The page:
Two-fifths of universities plan to start major construction projects in the next two years, according to new research by Wates.
The effects of government policy on university estates strategies study found that more than 90 per cent of institutions plan to invest significantly in learning facilities, such as libraries, laboratories and communal study areas.
A total of 87 per cent intend to improve their core teaching facilities, including lecture theatres and laboratories.
Of those surveyed, 40 per cent said they were planning to start work on major construction projects worth more than £5m within the next two years.
Wates also found an increased sense of optimism among university estates directors about their future building plans.
Almost a third of university estates directors expected their overall budget to increase in 2013/14, while just under half expected there to be little or no change in their funding for construction work.
Wates universities lead Ian Vickers said universities were increasingly investing in research facilities, with almost 60 per cent of estates directors listing research facilities as a primary focus of their next major construction project – a 20-point increase on last year.
Among the contractor’s university wins in recent months was its appointment in March to build the University of Exeter’s new £30m Living Systems building.
The project was procured through the Construction Framework South West, the largest project to date to have been awarded through the framework.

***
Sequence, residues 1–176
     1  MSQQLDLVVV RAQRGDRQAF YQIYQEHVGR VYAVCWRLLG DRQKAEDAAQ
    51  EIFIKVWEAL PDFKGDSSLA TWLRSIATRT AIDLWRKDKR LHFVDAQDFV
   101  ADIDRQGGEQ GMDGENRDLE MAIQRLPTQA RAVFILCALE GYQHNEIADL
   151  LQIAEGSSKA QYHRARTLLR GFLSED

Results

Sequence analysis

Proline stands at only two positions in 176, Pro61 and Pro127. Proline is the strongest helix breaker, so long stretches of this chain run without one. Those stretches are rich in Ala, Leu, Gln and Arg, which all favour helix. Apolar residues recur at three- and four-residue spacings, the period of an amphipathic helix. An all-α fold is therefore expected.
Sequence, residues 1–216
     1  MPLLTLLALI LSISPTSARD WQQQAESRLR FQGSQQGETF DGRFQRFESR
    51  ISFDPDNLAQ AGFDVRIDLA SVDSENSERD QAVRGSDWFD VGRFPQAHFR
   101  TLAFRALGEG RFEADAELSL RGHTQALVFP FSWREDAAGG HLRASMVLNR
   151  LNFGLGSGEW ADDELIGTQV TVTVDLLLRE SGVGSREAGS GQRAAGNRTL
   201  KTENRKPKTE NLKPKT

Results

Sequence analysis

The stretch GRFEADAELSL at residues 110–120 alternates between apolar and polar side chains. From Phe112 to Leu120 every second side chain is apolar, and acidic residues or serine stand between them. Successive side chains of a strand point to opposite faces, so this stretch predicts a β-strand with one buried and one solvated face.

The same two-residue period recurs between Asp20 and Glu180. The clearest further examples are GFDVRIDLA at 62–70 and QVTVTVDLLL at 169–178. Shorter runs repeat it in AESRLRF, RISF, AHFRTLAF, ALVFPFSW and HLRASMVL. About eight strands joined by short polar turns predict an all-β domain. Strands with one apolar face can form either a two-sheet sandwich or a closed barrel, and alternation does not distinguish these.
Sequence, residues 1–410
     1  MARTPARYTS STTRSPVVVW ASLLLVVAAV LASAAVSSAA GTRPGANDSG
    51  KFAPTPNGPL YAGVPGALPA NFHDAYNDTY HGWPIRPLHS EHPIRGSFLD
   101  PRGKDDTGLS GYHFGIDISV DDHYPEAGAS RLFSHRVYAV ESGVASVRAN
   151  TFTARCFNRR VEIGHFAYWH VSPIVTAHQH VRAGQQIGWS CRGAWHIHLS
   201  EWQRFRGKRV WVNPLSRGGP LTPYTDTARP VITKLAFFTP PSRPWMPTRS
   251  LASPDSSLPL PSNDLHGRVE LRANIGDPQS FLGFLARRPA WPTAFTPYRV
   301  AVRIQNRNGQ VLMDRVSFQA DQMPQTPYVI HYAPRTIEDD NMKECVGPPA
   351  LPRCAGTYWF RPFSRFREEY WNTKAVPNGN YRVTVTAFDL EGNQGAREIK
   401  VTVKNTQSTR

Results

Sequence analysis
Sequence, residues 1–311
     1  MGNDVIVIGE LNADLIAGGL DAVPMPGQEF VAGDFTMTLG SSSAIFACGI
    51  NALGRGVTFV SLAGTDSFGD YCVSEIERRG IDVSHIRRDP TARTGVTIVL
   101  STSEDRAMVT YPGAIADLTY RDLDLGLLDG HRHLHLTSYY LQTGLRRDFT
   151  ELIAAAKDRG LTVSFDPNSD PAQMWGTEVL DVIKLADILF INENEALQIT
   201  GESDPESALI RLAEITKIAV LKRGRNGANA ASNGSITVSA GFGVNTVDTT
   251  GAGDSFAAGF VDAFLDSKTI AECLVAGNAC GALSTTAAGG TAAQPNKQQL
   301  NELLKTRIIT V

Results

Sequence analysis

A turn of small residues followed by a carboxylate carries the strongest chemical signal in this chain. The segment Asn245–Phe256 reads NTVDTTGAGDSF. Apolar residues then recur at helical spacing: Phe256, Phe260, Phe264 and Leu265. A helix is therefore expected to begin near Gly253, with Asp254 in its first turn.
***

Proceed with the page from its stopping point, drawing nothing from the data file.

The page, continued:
Mr Vickers said: “Nowadays, estates strategies must be carefully crafted to align with students’ needs and expectations of a good, useful education that will equip them to succeed in the wider world.
“Our research reveals that, as they deal with a whole variety of competing demands, estates directors must go back to basics: focusing on teaching and learning.”
Since the funding reforms last year, student fees are now the largest source of income for universities in England and Wales, leading to greater competition for students.
“Attracting and retaining students is of paramount importance to a university’s continued financial health, and estates strategies must be geared towards addressing this fact,” Mr Vickers added.
“However, universities seem to be isolated in driving things forward on this front – they need real support from government and business.”